The Marco team finished 2019 by coming together to ring the bell to raise awareness and donations to support the Salvation Army – a charity that touches all the communities we serve. It stacked up to 180 hours of employee volunteering. It has become a tradition here at Marco that we all look forward to.
Being a good corporate citizen is not a new concept to Marco or in business in general. But it’s definitely becoming more important for attracting and retaining employees and customers.
Is your organization seen as a good corporate citizen? It goes beyond writing checks and sponsoring events. Although these are a good start, there’s more to the equation in your commitment to giving back.
What Does It Mean?
It has almost become cliché to say that it’s not enough to “do well” as a company, you also have to “do good.” That includes all of these:
- Philanthropy – Giving money to community causes. Be proactive on this by setting a dollar amount or percentage of profits that you’ll commit to annually. Identify charities that you want to partner with and causes you want to support to help shape your efforts.
- Volunteerism – Allowing employees to volunteer on company time. Let your employees follow their passions when giving back and encourage them to help provide leadership on nonprofit boards. Of course, certain job types are more conducive to volunteerism during the work day than others. Investing time and talent in local nonprofits and schools over time is what resonates with people. It cannot be something you simply check off a list.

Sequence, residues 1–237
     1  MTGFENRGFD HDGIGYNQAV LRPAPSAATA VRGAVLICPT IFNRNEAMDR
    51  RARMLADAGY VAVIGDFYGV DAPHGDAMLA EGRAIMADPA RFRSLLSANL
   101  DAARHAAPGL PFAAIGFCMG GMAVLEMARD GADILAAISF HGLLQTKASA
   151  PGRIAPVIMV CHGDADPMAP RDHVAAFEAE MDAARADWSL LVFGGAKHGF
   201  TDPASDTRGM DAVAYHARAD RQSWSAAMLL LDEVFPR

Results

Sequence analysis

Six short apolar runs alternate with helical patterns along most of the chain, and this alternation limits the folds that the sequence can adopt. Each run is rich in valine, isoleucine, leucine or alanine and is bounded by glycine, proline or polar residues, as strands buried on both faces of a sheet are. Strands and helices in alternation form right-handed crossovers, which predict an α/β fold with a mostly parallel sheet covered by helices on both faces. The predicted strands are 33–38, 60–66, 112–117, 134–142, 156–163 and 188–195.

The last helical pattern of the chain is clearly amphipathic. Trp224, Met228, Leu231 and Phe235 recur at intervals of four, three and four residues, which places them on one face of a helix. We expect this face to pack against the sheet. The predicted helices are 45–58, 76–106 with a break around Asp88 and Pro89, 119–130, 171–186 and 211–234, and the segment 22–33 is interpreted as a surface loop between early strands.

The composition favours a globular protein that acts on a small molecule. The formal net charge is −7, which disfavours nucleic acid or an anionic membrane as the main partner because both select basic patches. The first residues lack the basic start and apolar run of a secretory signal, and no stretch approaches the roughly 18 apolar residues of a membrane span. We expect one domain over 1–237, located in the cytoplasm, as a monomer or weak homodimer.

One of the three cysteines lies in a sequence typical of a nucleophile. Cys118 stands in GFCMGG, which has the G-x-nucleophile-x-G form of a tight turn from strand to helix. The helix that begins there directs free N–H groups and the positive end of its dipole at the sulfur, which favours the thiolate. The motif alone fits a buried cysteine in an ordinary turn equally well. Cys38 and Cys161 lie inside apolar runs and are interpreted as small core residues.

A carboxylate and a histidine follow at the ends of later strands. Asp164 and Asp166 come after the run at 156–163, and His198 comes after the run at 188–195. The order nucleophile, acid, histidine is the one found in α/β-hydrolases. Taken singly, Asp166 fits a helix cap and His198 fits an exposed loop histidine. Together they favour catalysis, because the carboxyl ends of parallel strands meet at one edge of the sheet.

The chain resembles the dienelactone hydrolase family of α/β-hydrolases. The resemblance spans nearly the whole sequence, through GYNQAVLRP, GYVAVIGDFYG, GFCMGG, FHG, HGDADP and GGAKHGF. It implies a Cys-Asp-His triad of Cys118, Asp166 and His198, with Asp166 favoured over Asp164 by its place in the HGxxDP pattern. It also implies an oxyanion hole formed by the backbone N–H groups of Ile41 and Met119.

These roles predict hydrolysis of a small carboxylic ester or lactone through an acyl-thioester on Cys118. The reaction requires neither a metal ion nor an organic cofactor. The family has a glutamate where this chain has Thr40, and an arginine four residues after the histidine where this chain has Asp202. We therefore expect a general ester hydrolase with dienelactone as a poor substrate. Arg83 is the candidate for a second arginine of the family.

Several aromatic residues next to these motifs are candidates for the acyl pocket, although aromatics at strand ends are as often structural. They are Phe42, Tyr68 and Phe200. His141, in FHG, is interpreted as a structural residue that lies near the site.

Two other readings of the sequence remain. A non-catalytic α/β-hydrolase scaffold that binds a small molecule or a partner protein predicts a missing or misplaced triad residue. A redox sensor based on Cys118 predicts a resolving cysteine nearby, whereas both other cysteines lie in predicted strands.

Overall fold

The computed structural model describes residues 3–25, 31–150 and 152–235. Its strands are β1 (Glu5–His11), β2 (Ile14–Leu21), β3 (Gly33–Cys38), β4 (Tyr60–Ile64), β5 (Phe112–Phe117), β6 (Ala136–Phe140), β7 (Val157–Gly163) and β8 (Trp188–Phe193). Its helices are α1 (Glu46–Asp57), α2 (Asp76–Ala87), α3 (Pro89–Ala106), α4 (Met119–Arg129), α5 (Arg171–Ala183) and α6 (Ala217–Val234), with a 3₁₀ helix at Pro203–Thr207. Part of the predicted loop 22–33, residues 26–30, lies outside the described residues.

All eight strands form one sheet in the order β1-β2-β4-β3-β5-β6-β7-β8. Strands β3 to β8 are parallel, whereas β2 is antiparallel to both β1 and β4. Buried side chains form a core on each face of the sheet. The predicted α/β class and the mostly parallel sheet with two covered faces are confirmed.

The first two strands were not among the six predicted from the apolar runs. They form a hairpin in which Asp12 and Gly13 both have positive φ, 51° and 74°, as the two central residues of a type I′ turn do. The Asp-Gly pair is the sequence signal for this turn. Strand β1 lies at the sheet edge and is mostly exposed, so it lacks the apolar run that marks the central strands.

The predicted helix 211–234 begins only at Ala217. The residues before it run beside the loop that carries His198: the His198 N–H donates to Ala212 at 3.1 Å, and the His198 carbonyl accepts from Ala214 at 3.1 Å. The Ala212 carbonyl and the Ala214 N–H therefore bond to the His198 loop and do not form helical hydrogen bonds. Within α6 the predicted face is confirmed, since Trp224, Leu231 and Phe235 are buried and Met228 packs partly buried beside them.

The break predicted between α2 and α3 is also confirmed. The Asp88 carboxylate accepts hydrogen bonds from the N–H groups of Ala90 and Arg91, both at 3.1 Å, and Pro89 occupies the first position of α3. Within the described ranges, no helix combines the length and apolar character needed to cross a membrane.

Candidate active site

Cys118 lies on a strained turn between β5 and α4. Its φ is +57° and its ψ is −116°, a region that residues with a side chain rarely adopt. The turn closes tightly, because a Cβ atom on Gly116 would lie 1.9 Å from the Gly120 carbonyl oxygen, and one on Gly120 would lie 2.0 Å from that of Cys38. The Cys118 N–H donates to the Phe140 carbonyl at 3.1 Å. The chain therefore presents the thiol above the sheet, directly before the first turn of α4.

- Good stewardship – Being mindful of how you spend money and resources as an organization. Seek out sustainable practices to conserve energy, minimize environmental impact, reduce waste and save money.
- Ethical practices – Being ethical in your business practices. You can give away lots of money and volunteer, but if you miss this, it means nothing. How you act as a company and how you operate need to match your philanthropic actions.
What Is the Cost and ROI?
I’ve been asked what it costs to achieve and why it matters. Both are good questions. Marco donated an impactful amount of money to over 350 nonprofit organizations last year. That does not count all the volunteer hours spent by our employees (or the resources we have put towards ethical practices and doing what’s right).
We probably can’t put a clear number on the return, but all things being equal, our customers and employees seem to like buying from and working for a good corporate citizen.
I believe it’s our corporate responsibility to give back to the communities in which we do business – in dollars, time and talent. As a successful organization of any size, it should be something we expect of ourselves. It’s common to focus on our financial performance as a business. But our “social performances” matter, too.